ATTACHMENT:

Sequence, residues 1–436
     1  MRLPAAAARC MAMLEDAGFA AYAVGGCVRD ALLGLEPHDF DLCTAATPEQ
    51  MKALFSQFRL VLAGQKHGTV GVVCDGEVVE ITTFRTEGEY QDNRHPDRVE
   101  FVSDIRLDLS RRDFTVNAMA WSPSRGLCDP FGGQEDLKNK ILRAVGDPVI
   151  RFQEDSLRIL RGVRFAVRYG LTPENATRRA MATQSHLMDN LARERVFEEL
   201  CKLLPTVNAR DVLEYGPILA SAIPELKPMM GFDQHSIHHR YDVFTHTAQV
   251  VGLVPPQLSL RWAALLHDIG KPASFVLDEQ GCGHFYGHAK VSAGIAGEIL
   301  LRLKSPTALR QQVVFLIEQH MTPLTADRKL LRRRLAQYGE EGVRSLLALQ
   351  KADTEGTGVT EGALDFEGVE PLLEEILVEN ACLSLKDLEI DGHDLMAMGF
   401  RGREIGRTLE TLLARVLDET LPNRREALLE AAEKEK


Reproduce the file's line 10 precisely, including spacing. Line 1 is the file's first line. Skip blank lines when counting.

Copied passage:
   401  RGREIGRTLE TLLARVLDET LPNRREALLE AAEKEK